Dolphins have a variety of ways they communicate with each other and with humans. Many of us, when we think of dolphin sounds, hear the laughter that Flipper often projected in the television show. They more often use clicks or clicking to share or say hello.
They are astute at sonar – they send signals from the tops of their beaks out to sense what is there. This sonar hits an object or person and bounces back information that they translate though their teeth. They receive information like a sonogram. When they send this out for humans, they see our skeleton, heart, lungs and major organs. They are particularly interested when a pregnant woman enters the waters, as they sense two of all the major organs.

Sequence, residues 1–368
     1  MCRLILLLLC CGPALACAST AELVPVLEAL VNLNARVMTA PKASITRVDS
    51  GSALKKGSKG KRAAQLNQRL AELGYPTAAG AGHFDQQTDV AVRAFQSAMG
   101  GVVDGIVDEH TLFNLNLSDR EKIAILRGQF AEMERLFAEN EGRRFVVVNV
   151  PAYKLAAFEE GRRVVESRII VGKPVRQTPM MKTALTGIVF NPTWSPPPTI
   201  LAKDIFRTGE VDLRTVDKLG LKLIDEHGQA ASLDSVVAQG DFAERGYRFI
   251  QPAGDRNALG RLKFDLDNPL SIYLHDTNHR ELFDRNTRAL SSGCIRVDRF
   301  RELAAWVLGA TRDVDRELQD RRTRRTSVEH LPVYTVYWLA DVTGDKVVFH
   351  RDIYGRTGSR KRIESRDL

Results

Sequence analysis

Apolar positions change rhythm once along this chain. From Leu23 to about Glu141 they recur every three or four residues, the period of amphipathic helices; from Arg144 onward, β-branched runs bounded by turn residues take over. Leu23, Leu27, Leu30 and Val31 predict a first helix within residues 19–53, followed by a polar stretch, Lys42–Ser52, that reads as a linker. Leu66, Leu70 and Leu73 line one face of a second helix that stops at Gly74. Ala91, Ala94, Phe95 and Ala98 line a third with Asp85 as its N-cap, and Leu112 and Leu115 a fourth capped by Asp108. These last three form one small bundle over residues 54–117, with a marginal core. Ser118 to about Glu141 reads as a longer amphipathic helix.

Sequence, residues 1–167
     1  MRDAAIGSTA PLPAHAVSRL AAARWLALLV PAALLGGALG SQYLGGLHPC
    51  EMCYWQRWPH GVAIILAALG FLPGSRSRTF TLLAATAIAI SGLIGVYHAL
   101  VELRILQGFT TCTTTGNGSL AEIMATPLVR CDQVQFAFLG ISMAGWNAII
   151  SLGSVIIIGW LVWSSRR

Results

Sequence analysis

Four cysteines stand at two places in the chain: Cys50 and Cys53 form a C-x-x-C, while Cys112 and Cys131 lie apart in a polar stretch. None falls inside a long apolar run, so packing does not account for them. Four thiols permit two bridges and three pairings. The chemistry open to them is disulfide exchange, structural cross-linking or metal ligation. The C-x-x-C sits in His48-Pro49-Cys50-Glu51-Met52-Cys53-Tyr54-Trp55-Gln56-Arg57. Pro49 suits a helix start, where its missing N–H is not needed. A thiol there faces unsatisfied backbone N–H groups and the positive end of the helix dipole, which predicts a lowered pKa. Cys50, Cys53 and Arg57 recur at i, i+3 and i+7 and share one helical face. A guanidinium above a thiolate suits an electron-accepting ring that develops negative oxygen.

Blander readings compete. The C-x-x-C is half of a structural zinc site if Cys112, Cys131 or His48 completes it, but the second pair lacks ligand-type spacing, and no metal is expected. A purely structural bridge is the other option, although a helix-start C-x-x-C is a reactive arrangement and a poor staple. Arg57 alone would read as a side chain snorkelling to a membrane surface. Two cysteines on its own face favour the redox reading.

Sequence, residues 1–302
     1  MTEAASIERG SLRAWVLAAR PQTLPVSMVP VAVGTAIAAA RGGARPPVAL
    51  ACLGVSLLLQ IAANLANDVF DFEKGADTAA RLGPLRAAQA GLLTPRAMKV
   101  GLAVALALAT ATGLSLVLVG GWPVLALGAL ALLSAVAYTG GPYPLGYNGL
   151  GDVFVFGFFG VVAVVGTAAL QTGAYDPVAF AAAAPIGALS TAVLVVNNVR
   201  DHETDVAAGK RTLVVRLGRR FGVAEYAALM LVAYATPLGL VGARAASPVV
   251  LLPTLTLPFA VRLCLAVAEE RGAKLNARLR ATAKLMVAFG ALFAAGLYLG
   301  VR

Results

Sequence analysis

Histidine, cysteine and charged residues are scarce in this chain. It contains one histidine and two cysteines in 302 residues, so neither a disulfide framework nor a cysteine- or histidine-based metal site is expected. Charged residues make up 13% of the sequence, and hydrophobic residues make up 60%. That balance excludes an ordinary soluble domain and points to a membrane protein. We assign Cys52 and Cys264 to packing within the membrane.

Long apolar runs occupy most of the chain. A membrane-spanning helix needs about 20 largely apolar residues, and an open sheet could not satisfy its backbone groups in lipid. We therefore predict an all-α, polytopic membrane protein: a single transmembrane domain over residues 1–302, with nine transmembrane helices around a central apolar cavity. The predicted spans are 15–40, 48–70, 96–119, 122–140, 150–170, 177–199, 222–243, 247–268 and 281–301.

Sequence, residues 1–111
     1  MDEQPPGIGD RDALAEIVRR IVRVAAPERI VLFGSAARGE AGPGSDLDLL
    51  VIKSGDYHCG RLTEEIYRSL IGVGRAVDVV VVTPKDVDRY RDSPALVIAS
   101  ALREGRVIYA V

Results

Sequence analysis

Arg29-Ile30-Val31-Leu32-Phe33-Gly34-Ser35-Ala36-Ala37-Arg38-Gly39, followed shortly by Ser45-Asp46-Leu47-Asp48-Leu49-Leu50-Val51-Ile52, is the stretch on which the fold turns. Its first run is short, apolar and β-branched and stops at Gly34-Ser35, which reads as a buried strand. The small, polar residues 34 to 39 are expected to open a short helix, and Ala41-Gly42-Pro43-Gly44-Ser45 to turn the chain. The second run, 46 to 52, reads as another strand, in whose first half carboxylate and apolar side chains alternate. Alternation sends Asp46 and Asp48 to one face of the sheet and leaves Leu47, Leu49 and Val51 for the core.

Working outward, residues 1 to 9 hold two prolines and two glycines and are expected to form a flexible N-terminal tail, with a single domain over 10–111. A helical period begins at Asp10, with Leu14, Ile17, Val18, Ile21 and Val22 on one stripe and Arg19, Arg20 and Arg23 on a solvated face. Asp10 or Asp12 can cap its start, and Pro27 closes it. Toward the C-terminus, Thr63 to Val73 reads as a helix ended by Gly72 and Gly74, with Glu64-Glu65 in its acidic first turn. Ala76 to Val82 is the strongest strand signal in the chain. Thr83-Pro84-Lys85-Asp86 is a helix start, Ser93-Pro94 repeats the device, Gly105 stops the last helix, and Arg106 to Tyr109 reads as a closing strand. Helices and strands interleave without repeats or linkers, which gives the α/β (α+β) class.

This sonar is a high pitched frequency, that when I heard it I found it to resonate deeply into my own heart, belly and forehead. It isn’t annoying like a high pitch buzz on a light fixture; but truly is satisfying and reassuringly compassionate. There were times we could not see the dolphins but would hear this sonar going off and again my heart would light up looking for where they were coming from, and then I would see that face coming at me with delight.
Photos provided with permission from Atmoji @ WildQuest